While there are a wide range of nano drones on the market for recreational use, nano drones have been in development for use by the military and various entities for some time. The Black Hornet Nano was invented in Norway and is used by the Norwegian and British Armies.

Other nano drones include the Dragonfly Drone and the Hummingbird Drone. The Dragonfly Drone was used in 2007 at a protest in Washington D.C. It is a military surveillance drone that uses the physics of a dragonfly in order to hover and fly in all directions. The Hummingbird Drone is designed to look almost exactly like a hummingbird and flies in a similar manner. It is used by the military for surveillance as well. None of these three drones can be purchased by the general public.

However, the nano drones available for public use have a number of incredible capabilities and uses. Nano drones and their larger counterparts are poised to be the next big thing in photography with many of them being equipped with high-powered cameras. However, the FAA currently restricts drones being used to make money, so professional photographers will have to wait on that front.

Drone hobbyists are enjoying using nano drones and the large recreational drones for first-person view(FPV). These drones are equipped with a camera and beam a video to a pair of goggles.

One big advantage to nano drones is that if they are under nine ounces in weight, they don’t have to be registered with the FAA. Their small size and shorter flight times allow you to get the experience of flying a drone without putting a damper on your fun with government regulations.

Flight With A Purpose

You’re not going to break the bank buying a nano drone no matter what you choose, but there are a few things you should think about before you make your purchase.

First, are you buying for fun or practice? If you just want a cheap drone to fly for fun, nearly any nano drone will do. However, if you are a beginner and in need of practice before you move onto the more expensive models, you will want to pick one with all of the capabilities of the bigger drone you intend to buy.

Second, do you want to take photos and videos? If you are interested in recording your flights, you will need to purchase a nano drone with a camera. Because it is a nano drone, you will have low probability of damage in the event of a crash, and you can have all the advantages of a photo and video capable drone without the high price tag.

Third, consider the flight time. Nano drones have small batteries and generally charge quickly. Unfortunately, this means that they have short flight times. If you are purchasing a nano drone, you are likely looking at no more than ten minutes of maximum flight time on the best models.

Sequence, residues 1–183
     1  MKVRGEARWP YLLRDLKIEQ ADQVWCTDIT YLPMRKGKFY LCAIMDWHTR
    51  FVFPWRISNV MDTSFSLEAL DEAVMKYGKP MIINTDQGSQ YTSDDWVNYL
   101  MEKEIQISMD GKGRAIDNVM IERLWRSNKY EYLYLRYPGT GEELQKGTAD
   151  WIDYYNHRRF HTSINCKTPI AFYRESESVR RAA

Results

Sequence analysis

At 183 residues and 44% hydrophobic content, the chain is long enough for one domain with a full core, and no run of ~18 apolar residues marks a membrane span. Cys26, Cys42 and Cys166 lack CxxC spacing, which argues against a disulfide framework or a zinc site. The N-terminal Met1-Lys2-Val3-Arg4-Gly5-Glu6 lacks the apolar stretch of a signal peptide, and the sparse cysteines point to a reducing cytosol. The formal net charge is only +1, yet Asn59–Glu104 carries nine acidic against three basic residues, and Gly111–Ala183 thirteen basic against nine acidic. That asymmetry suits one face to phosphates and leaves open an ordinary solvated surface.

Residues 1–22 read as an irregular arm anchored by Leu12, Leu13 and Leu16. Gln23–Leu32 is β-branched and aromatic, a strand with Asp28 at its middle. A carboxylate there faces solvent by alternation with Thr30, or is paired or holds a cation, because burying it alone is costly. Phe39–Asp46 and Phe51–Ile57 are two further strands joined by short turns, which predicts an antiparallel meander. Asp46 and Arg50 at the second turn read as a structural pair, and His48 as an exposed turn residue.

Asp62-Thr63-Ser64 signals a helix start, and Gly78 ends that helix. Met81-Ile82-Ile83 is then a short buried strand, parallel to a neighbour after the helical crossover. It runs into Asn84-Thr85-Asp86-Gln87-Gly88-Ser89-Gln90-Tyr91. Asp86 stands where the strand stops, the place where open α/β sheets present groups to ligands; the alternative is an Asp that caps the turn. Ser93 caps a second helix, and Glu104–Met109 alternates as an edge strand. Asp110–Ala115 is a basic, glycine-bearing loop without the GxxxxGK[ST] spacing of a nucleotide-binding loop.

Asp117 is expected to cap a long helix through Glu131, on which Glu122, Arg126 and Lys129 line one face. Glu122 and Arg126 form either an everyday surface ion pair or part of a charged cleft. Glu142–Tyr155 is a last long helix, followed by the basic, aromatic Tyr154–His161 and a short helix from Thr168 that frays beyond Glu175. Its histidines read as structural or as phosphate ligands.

Finally, consider whether you want to fly your drone indoors or outdoors. The mini quadcopters are generally best for outdoor flight because they offer more stability. If you plan to purchase a nano drone that is not a quadcopter, understand that it will likely not fly well in anything stronger than a light breeze. Regardless of the nano drone you choose, practice indoors before venturing outside.

A Brief History of the Nano Drone

The most advanced nano drones in existence today have been designed for military use by several different countries. However, the nano drones designed for recreational use have been patterned after the designs of their larger counterparts. They operate in a similar manner, and many of them share all of the same features as an average-sized drone. The biggest advantages to these nano drones are that they are more affordable, sustain less damage, and are not subject to FAA regulations as long as they weigh under nine ounces.

History tells us that the first drones were actually hot air balloons that were used to drop explosives on enemies during the American Civil War. Archibald M. Low created “Aerial Target” in 1916 as the first attempt at an actual unmanned aerial vehicle (UAV).

Germany and the Nazis began developing a UAV program during World War II and unleashed the formidable V-1 upon the world. This prompted the United States to begin its own UAV program to use for more than just pilot and combat training tools.

The best thing about UAVs is that they completely eliminate the need for an on-board pilot, but many of those used in the military have the same combat and surveillance capabilities as a manned aircraft.

Military nano drones such as the Black Hornet Nano and Hummingbird Nano are used to survey enemy territories and areas in which dangers might go otherwise unseen. They provide a significant tactical advantage and prevent a significant number of casualties.



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Last updated on January 11, 2017 by Lydia Chipman

An itinerant wordsmith with an alphabet-soup of credentials to her name, Lydia has turned iconoclasm into a livelihood of sorts, throwing herself into a broad constellation of interests. From antithetical cultural analysis to interdisciplinary combat training, she bears the scars and stripes of an uncommon diversity of experience. Reading, biking and exploring are favorite pastimes, but – with the notable exceptions of joining a religious order (not on speaking terms with a higher power) and becoming an artist (can’t even draw a respectable stick-figure) – she’d try almost anything once.